was Saturday September 1, 2007 and I was in Monte Carlo for a friend’s wedding.

    We prayed that morning at the local synagogue and later walked to the nearby Hotel de Paris. Entering the lobby, I was surprised at the large security presence. I soon learned that the legendary former South African president Nelson Mandela was a guest in the hotel.

    As it happened, he was sitting in one of the stately public rooms on the lobby floor as I passed by.
    I instinctively wanted to meet the iconic statesman. The slim chance of gaining access to meet Mandela did not stop me from asking the security guard at the door if I could please step in to bless the former president. Just then, a second member of the security detail approached and asked what I wanted. The first bodyguard explained that I was a rabbi who wanted to bless Madiba on the holy Sabbath. They agreed to let me go over to greet him.

    As I approached the former president, he looked up and beamed. I was dressed in the full Chabad Shabbat attire, the flowing black frock and black fedora, and since I had just left the synagogue my white and black tallit was draped over my shoulders.

    After we had been introduced, Madiba invited me to sit near him. He asked me to please bless him and mentioned how touched he was that I had blessed him on the Sabbath. President Mandela also told me how much he cherished it when ‘his rabbi,’ Chief Rabbi Cyril Harris, would bless him back home.

    Looking across at the great man, who had suffered for decades, fought for freedom, and pulled a splintered nation together, I felt compelled to ask one question. Had he ever compared his story to that of the biblical Joseph?

    Without pause, Madiba replied that he felt a strong affinity with Joseph. Joseph had been imprisoned for life, yet he found strength in his positive outlook and had finally emerged to lead a nation. With twinkling eyes, Mandela laughed out loud: “But I spent many more years in prison then Joseph did!”

    I then asked him, “Is it in honor of Joseph’s coat of many colors that you wear your trademark colorful “Madiba shirts”?

    “No,” he replied, “I wear these shirts to represent my people and their struggle and to represent the beautiful diverse cultures and traditions of Africa.” He tenderly touched the African continent embroidered on his custom-made silk black shirt.

    We chatted easily and he shared the story behind the Madiba shirts. On the first Shabbat after he had been elected president, back in May 1994, he visited South Africa’s largest synagogue, the Green and Sea Point Hebrew Congregation in Cape Town. “His rabbi,” Chief Rabbi Harris had invited him to attend morning services.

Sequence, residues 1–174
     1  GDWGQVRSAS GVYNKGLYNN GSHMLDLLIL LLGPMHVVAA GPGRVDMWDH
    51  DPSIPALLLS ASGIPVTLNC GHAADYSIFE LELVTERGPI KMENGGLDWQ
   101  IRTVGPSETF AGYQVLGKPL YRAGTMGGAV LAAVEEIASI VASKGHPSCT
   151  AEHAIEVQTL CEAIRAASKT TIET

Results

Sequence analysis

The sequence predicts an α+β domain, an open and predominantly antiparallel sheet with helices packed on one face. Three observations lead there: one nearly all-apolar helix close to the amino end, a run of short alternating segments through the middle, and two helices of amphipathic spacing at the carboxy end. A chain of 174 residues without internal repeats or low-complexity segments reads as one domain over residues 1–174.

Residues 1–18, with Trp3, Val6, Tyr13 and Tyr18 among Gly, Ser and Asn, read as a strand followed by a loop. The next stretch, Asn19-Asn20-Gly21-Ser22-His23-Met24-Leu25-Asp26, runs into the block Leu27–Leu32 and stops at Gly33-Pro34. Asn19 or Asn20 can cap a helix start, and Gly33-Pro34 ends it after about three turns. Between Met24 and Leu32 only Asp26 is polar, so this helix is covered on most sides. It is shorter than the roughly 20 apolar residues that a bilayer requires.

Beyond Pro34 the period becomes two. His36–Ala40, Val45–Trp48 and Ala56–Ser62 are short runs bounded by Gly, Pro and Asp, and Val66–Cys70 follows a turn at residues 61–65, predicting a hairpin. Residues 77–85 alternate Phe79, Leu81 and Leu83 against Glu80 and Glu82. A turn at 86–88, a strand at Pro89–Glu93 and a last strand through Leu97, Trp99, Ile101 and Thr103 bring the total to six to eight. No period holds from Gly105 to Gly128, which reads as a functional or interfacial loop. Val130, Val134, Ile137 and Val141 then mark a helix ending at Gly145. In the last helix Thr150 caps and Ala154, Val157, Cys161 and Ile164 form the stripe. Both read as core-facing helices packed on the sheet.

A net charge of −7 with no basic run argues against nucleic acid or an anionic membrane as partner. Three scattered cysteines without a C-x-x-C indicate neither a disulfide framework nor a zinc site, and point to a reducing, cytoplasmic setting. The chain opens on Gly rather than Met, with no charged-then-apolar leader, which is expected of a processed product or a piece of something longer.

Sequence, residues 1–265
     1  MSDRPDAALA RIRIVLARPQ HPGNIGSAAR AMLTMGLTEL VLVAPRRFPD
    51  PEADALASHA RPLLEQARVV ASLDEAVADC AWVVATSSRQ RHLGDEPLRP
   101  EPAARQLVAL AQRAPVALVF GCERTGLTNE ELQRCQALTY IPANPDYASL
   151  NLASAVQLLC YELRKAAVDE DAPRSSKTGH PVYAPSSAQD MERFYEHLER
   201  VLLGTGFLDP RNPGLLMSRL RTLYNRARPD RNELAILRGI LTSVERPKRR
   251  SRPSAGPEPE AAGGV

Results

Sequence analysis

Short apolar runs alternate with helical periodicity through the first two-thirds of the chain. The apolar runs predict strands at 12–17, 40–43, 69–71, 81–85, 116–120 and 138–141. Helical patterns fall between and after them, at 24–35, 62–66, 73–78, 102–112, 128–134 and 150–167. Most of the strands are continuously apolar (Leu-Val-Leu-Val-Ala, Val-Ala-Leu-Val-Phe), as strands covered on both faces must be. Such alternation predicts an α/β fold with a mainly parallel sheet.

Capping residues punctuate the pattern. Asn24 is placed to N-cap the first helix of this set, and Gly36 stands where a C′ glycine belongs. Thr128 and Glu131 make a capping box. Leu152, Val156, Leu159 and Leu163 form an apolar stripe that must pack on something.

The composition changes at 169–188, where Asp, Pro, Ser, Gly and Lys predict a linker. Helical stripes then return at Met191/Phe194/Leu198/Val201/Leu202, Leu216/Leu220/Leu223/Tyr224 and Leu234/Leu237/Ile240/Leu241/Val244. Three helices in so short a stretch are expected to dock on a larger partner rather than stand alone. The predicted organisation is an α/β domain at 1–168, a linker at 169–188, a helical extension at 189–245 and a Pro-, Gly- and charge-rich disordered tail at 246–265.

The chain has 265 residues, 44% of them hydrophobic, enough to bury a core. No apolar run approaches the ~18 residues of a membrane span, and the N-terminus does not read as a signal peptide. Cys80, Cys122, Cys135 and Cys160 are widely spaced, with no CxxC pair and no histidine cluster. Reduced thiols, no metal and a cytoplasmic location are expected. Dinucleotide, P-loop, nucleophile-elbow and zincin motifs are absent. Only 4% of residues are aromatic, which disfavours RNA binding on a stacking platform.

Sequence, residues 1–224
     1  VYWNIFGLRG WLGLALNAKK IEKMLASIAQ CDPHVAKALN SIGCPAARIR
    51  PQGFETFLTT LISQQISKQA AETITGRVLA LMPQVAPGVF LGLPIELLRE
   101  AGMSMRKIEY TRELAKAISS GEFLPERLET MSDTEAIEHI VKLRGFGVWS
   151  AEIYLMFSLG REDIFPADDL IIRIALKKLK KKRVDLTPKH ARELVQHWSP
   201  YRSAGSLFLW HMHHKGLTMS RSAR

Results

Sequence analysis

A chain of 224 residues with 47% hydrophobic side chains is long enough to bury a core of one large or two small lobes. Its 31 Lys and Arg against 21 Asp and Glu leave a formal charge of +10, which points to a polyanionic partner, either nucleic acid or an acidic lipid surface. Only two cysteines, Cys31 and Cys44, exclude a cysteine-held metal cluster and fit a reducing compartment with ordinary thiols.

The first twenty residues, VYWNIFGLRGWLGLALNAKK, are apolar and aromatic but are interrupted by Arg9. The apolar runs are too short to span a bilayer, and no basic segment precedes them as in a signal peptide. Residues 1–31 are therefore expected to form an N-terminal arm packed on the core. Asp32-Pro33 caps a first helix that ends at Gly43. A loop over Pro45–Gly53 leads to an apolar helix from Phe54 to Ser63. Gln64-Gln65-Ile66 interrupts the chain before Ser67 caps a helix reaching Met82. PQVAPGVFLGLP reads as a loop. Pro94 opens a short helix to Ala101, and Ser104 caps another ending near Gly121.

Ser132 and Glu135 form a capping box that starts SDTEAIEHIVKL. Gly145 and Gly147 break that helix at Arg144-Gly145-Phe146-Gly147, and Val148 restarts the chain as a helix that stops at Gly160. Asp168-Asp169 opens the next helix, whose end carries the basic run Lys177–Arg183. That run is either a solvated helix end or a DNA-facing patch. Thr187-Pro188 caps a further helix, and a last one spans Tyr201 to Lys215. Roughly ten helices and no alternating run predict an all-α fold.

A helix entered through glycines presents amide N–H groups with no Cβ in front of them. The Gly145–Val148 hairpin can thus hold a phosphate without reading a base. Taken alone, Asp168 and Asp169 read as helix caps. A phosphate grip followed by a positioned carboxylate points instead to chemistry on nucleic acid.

Mandela recounted how he had addressed the packed crowd and had “appealed to the local Jewish community to implore their South African family members who had emigrated to return home to help rebuild a new democratic South Africa.” He also reassured the local Jewish community not to be afraid of a Government of National Unity and promised that “together we will succeed.”

    He then recalled, “When I returned to the motorcade, my driver handed me a gift from a women who had attended synagogue that morning. It was a beautiful black shirt, with a colorful design of golden fish across it. I chose to wear that shirt to the opening of parliament of our new democratic government.”

    “After I had worn that shirt, this same woman (South African designer Desre Buirski) would continue to send me shirts. We become good friends, and she designed hundreds of shirts for me. These shirts help me carry my message all over the world.”

    He smiled and added, “And all because I went to synagogue on a Saturday morning.”

    I stood up and thanked him for the generosity of his time and the honor of meeting him. Before I walked off, Mr. Mandela complimented the traditional look of my Chassidic dress. “I am happy to see you dressed this way; you should always be proud to wear the clothing of the Jewish faith as a mark of honor,” he said.

    As I shook his hand, he told me, “Remember young rabbi, when you dress in your royal garb, you represent what the Bible stands for: How all humans are G d’s children, created in the image of G d, regardless of ethnicity, color or faith.”

    Rabbi Avraham Berkowitz works at Chabad Lubavitch World Headquarters in Brooklyn, NY. He can followed at @globalrabbi on Twitter

  • Ganesha_akbar

    Know who couldn’t attend this political orgy?

    Amy Elizabeth Biehl (April 26, 1967 – August 25, 1993) was a white American graduate of Stanford University and an Anti-Apartheid activist in South Africa who was murdered by black Cape Town residents while a black mob shouted racial slurs. The four men convicted of her murder were released as part of Mandela’s obscenely mislabelled “Truth and Reconciliation” process.

    “Supporters of the three men accused of murdering [her] … burst out laughing in the public gallery of the Supreme Court today when a witness told how the battered woman groaned in pain.“

    Knockout Game Intn’l

  • Ganesha_akbar

    Mandela’s perverse misconception of “reconciliation” served to legitimate today’s modern age of terrorism. His mendacity was captured in 2002 (shortly after the 9-11 attacks) when Mandela lobbied tirelessly for “compassionate” release of the Lockerbie bomber who slaughtered 270 innocents (189 Americans).

    Megrahi is all alone,” Mandela told a packed press conference in the prison’s visitors’ room. “He has nobody he can talk to. It is a psychological persecution that a man must stay for the length of his long sentence all alone.”

    Xmas 1988

    blood brothers